relief efforts

How Houston’s Hunger-Relief Organizations Are Handling Harvey

Flood victims receiving food. Photo: Brendan Smialowski/AFP/Getty Images

In the wake of Houston’s catastrophic flooding, emergency responders have asked people to donate their boats to help in rescue missions, and photos show a city whose freeways have been turned to rivers. Tropical Storm Harvey dumped an enormous amount of rain on the city, and more is expected to come, as forecasts say the city could see 50 inches of rainfall before this is all over. That expected accumulation, The New Yorker points out, would be equal to the city’s annual rainfall.

According to CNN, early reports say at least 5,500 people are in Houston shelters and another 1,000 are in shelters in neighboring Friendswood. More than 104,000 people are reportedly without electricity, as well. The continued rainfall means those numbers will climb, with more than 30,000 people in Houston and across the Gulf Coast expected to head to temporary shelters. Those people will need food.

Second Servings of Houston, a food rescue organization that picks up excess prepared food and delivers it to nonprofit hunger-relief operations, is one local organization primed to help feed those displaced people. On Friday, according to founder Barbara Bronstein, the agency delivered “over a ton” of food to shelters and soup kitchens in advance of the storm. “We will be rescuing food for the emergency shelters, where food supplies are in big demand due to the huge amount of displaced people,” she writes in an email to Grub Street.

Bronstein says Second Servings will be back in business “as soon as the roads are passable,” and that it’s accepting donations to help fuel its refrigerated truck, as well as renting additional vehicles so they can deliver as much food as possible in the coming weeks.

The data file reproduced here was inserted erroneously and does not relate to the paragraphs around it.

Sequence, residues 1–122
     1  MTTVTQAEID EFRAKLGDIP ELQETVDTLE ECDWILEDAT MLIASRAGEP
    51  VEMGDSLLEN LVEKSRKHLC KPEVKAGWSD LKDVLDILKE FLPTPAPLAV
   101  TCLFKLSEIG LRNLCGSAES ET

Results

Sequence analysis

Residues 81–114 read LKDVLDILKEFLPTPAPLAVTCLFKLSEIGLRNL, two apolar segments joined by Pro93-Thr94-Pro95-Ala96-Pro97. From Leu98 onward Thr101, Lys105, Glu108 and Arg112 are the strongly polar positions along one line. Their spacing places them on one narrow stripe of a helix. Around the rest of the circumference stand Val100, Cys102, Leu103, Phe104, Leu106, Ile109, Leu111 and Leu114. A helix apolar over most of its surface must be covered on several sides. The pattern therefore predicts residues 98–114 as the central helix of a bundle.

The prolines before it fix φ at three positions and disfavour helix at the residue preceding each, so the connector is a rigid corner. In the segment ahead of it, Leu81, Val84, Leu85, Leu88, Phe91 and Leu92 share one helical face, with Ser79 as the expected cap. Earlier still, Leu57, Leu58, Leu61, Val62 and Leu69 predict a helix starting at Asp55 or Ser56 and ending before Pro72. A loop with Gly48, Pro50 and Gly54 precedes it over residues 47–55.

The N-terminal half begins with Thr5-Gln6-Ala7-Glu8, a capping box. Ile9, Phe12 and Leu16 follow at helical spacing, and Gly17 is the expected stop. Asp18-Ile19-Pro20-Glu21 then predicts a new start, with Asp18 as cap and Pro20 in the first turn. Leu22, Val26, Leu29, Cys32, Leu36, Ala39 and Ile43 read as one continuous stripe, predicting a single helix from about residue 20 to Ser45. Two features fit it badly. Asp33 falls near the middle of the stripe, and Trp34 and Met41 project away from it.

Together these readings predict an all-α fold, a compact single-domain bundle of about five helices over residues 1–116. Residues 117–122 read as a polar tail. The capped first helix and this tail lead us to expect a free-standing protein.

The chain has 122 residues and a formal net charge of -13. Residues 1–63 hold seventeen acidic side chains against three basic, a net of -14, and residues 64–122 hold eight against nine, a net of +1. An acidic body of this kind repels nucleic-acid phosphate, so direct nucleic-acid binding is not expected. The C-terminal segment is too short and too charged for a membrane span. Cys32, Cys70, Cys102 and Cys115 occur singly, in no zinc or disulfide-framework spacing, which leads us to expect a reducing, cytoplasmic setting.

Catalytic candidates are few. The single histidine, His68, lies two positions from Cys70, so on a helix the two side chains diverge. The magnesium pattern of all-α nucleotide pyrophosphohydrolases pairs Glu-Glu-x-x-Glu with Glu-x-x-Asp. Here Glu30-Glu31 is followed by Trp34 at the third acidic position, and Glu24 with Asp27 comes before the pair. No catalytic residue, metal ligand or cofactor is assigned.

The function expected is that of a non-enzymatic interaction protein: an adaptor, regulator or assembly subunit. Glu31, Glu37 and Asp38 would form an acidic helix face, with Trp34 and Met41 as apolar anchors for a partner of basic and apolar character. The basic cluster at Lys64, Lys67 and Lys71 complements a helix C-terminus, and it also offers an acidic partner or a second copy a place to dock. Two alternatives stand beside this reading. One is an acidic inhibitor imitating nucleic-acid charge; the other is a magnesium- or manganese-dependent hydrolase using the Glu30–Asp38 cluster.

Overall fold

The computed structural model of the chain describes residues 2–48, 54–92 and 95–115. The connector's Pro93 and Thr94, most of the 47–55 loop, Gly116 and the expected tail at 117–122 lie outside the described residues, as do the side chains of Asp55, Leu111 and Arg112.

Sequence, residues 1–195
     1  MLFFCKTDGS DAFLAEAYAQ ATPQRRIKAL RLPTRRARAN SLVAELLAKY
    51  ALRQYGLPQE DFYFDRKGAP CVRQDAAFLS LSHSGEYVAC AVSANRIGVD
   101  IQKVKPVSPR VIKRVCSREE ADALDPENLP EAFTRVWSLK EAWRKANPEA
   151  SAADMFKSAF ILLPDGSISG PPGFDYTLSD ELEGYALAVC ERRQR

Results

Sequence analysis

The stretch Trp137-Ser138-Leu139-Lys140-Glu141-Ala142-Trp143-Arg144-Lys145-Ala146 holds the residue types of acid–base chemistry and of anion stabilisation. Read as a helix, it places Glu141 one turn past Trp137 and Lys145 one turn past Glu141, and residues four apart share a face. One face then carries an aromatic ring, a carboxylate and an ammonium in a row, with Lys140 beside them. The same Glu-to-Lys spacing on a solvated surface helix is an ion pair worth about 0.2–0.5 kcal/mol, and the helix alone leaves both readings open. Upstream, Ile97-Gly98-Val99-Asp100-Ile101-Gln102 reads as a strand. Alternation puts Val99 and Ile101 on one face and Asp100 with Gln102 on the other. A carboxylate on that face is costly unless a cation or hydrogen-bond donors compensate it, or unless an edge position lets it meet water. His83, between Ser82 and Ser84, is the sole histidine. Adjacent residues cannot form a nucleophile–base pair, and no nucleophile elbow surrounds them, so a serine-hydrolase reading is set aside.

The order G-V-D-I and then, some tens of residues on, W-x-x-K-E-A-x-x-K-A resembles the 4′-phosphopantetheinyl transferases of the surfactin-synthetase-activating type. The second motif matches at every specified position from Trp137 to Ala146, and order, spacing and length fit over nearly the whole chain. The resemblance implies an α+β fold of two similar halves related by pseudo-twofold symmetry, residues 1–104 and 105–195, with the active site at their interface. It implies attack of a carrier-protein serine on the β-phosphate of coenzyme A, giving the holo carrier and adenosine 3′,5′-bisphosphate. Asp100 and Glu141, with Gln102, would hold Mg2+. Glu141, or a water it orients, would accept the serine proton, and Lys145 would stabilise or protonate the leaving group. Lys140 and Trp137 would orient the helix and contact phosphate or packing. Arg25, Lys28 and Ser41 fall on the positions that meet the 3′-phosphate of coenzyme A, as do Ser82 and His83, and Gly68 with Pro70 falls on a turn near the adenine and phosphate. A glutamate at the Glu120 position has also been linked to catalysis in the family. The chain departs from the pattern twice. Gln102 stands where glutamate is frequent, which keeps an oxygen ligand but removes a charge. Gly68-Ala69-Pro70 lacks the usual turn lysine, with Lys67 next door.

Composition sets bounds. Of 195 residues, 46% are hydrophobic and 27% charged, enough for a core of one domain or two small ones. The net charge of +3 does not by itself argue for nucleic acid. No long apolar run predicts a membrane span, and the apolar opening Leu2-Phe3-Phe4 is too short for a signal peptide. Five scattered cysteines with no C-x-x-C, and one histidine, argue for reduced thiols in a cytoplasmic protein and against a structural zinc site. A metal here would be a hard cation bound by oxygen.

Restaurants and other local businesses will inevitably step in, too, as helping becomes viable. A representative for Underbelly, one of the city’s better-known restaurants, says they’re determining the best way to help, and currently, cooking for their neighborhood firehouse, “but there may be more plans coming.” Gourmet-market mini-chain Phoenicia Specialty Foods donated prepared foods and other items to the George R. Brown Convention Center, which Houston mayor Sylvester Turner has declared an emergency shelter.

Along with Second Servings, the Houston Food Bank is another local hunger-relief organization accepting donations. The city also has a branch of Rise Against Hunger, an international nonprofit that, among other things, responds to environmental disasters like Harvey. For those who would like to immediately help the city’s homeless population, the Coalition for the Homeless suggests donating to partners of the Way Home.

How Houston Hunger-Relief Organizations Are Handling Harvey